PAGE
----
Rearrange the following words into a well known phrase or saying: pole – a – barge – don’t – with – touch.
From their press release:
“A new enormous business search engine battles Yahoo! and Google for B2B searches. Masterseek’s global search engine provides quick and free access to, among other things, company profiles, contact information, and descriptions of products and services from more than 45 million companies in 75 countries. …. Behind Masterseek lies nearly 9 years of diligence from Danish and international programmers.
The unique feature of Masterseek is the specially developed crawlers that can sort out irrelevant private websites automatically and simultaneously gather and index relevant company websites quickly and diversely. This includes company profiles, news, as well as contact and product information. The company information is at the same time in the process indexed in more than 50,000 business categories in 21 languages.”
This sounded promising so time to put it to the test and indulge in a bit of ego-surfing. My first search on RBA Information Services as a company came up with my own RBA, but gave its location as the US despite the co.uk domain name and contact details clearly stated as being in the UK. A quick email to Masterseek and it was corrected. But then it all went seriously pear shaped.
23rd September 2008, 16.48 UK time: search on RBA Information Services and ‘All’ category selected.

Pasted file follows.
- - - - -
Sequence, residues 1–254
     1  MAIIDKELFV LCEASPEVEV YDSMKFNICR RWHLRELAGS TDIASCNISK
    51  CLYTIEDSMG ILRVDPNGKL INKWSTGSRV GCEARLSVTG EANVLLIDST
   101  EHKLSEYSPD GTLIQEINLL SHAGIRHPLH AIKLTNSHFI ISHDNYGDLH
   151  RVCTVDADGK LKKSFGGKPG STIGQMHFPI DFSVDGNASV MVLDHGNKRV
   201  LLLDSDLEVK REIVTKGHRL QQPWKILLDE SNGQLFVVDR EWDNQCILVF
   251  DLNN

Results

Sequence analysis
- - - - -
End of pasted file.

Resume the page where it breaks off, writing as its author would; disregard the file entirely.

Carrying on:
Results: At the top of the list is a sponsored result for RBA Enterprises based in the US. Nothing to do with me but I am not too bothered as there are thousands of RBAs around the world. However the web site URL was mine and the profile was mine! Numbers 4, 5 and 6 in the results list were for Sources UK (electric cable manufacturers), RBA Enterprises Inc and RBA Internet Services Inc. All three had my web site URL and a profile extracted from my web site.
23rd September 2008, 17.08 UK time: search on RBA Information Services and ‘Company’ category selected.
Results: Only two. The first is a ‘sponsored result’ which is me, the correct URL and correct location. The second is identical to the first but the location is given as the United States.
23rd September 2008, 17.15 UK time: search on Karen Blakeman and ‘All’ category selected.
Results:The sponsored result at the top of the list was correct. The next four were totally unrelated companies but with my profile and there were another four dotted throughout the remainder of the twenty sites listed on the first page.
23rd September 2008, 17.31 UK time: search on Karen Blakeman and ‘Company’ category selected.
Results: Hurrah! I am the only entry.
I did a few quick searches on other companies and people and the quality of the results was equally dire.
There are additional search and browse options, but I saw no point in investigating them if the underlying data was so horribly wrong. Either the Masterseek “specially developed crawlers” were having a bad day or more serious work needs to be done on processing the information that they gather.
The press release goes on to say:
“Masterseek.com B2B searches will also be a competitor for well-established directories, such as Kompass, Thomson and the Yellow Pages, besides the obvious Yahoo! and Google.”
Given the current appalling quality of Masterseek’s data Kompass, Thomson and Yellow Pages can rest easy, as can Yahoo and Google.
Masterseek’s official global launch is due to take place in November by which time they claim that they will have more than 50 million pieces of company information and more than 1/4 billion indexed websites. Unless they apply more ‘diligence’ to the quality of the information in their database, my recommendation is to avoid this directory like the plague.